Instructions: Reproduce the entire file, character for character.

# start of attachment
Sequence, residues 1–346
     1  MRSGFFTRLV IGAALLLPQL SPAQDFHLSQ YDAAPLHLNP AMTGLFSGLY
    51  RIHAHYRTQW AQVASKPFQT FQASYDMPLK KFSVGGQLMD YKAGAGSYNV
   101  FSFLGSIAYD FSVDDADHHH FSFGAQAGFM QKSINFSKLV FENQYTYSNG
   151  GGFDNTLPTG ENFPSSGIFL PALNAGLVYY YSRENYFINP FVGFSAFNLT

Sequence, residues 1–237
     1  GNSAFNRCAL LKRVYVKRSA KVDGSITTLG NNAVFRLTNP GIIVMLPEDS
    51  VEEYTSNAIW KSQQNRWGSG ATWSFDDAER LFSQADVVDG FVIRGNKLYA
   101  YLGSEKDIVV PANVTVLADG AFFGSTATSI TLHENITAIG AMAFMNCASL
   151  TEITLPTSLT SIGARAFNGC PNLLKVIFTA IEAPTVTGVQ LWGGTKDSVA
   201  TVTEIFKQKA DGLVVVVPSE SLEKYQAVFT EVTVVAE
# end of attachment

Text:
Sequence, residues 1–346
     1  MRSGFFTRLV IGAALLLPQL SPAQDFHLSQ YDAAPLHLNP AMTGLFSGLY
    51  RIHAHYRTQW AQVASKPFQT FQASYDMPLK KFSVGGQLMD YKAGAGSYNV
   101  FSFLGSIAYD FSVDDADHHH FSFGAQAGFM QKSINFSKLV FENQYTYSNG
   151  GGFDNTLPTG ENFPSSGIFL PALNAGLVYY YSRENYFINP FVGFSAFNLT

Sequence, residues 1–237
     1  GNSAFNRCAL LKRVYVKRSA KVDGSITTLG NNAVFRLTNP GIIVMLPEDS
    51  VEEYTSNAIW KSQQNRWGSG ATWSFDDAER LFSQADVVDG FVIRGNKLYA
   101  YLGSEKDIVV PANVTVLADG AFFGSTATSI TLHENITAIG AMAFMNCASL
   151  TEITLPTSLT SIGARAFNGC PNLLKVIFTA IEAPTVTGVQ LWGGTKDSVA
   201  TVTEIFKQKA DGLVVVVPSE SLEKYQAVFT EVTVVAE